Category: Public Lands News

Interior Department’s Fiscal Year 2022 Budget Makes Significant Investments in Racial Equity, Civil Rights Movement Preservation

WASHINGTON —As part of the Biden-Harris administration’s whole-of-government approach to advancing equity and justice, the Department of the Interior’s 2022 budget proposal contains major investments in initiatives that advance racial equity and tell the stories of historically underrepresented communities and the struggle for civil rights.   “From our national parks and monuments, to our own workforce development efforts, telling the rich, diverse story of America is a priority for us at Interior. President Biden’s budget will make much-needed investments in communities and projects that will advance our vision for an equitable future while preserving the past,” said Secretary Deb Haaland. “We will continue to center the voices of those who have been historically unrepresented or underrepresented as we strive to lift up every community through our work.” 
The President’s 2022 budget proposal includes a $12.8 million increase across the Department to better address diversity, equity, inclusion, and accessibility in our workforce. As part of this process, the Department is working to identify gaps, challenges, best practices, and examine what changes need to be made to ensure this opportunity for growth and discovery within the agency. 
Through the President’s Justice40 Initiative, the Department will seek to bring 40 percent of the overall benefits of relevant federal investments to underserved communities. This initiative will focus on clean energy and energy efficiency, training and workforce development, the reduction of legacy pollution, and affordable and sustainable housing in Tribal communities.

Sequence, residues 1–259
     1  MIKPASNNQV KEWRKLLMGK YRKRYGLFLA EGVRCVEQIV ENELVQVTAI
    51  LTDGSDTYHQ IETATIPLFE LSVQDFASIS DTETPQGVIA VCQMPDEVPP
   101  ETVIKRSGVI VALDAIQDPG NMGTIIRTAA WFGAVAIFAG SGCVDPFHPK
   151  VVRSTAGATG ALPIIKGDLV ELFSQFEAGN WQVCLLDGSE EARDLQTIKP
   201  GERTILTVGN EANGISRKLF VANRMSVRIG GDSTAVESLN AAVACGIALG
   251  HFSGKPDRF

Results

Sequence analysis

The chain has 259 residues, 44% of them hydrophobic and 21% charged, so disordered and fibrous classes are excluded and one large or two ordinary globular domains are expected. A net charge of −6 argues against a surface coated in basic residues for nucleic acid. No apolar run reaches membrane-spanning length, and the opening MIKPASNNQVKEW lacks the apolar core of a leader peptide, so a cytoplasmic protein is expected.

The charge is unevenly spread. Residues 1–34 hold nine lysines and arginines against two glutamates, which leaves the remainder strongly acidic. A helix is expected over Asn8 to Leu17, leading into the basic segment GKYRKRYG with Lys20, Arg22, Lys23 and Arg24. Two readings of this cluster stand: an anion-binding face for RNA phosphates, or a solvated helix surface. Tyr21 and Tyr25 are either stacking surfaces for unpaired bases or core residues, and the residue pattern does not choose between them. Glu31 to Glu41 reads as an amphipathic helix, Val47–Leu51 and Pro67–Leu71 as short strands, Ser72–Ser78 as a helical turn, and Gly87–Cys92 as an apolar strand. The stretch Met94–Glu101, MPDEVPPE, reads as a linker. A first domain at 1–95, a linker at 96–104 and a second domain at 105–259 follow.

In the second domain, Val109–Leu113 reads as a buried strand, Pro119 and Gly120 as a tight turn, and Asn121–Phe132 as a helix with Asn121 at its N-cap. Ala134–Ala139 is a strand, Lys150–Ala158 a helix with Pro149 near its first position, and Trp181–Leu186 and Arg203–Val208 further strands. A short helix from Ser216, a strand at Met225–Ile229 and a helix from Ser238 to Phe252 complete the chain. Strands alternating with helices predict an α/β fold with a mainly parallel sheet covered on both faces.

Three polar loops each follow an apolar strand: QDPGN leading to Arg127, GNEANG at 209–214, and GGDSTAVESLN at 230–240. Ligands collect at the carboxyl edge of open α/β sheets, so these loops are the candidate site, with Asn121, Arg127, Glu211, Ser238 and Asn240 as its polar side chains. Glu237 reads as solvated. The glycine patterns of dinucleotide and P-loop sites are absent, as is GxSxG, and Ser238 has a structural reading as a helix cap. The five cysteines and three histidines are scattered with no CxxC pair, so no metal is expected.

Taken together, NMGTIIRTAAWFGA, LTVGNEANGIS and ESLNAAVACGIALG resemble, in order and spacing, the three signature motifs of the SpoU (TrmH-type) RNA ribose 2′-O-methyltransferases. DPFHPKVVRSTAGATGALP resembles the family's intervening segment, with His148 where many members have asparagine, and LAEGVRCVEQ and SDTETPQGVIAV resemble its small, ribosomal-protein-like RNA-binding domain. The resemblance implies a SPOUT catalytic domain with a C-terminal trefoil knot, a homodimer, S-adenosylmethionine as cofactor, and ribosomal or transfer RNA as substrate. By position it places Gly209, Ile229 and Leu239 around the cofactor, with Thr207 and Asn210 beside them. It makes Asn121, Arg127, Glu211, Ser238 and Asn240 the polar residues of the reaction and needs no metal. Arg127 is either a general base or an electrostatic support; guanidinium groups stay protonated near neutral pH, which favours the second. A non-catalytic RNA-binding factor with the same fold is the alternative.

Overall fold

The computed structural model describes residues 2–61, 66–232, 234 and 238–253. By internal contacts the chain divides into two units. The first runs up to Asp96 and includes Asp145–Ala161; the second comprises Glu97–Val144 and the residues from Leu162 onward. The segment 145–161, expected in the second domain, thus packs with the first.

The budget also includes significant investments in other Interior programs, including:  

$15 million to expand capacity for national park units and programs that preserve and tell the story of historically underrepresented and marginalized groups.  
$10 million for the Selma Interpretive Center to construct a voting rights center that honors the legacy of civil rights leaders, including the late Congressman John Lewis.  
$10 million for Historically Black Colleges and Universities through the National Park Service Historic Preservation Fund.    
$5 million in additional funds for competitive historic preservation grants to increase support to State and local efforts to preserve sites that document the struggle for civil rights and equal opportunity for African Americans.   
$3 million to continue support for the work of the 400 Years of African American History Commission. 
$540,000 in Land and Water Conservation Fund funding to preserve the Forks of the Road slave market site at the Natchez National Historical Park, which is listed on the National Underground Railroad Network to Freedom and is an important part of America’s history. 

For more information on the President’s FY22 Budget, please visit the President’s Budget page. 

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Interior Department Suspends Oil and Gas Leases in Arctic National Wildlife Refuge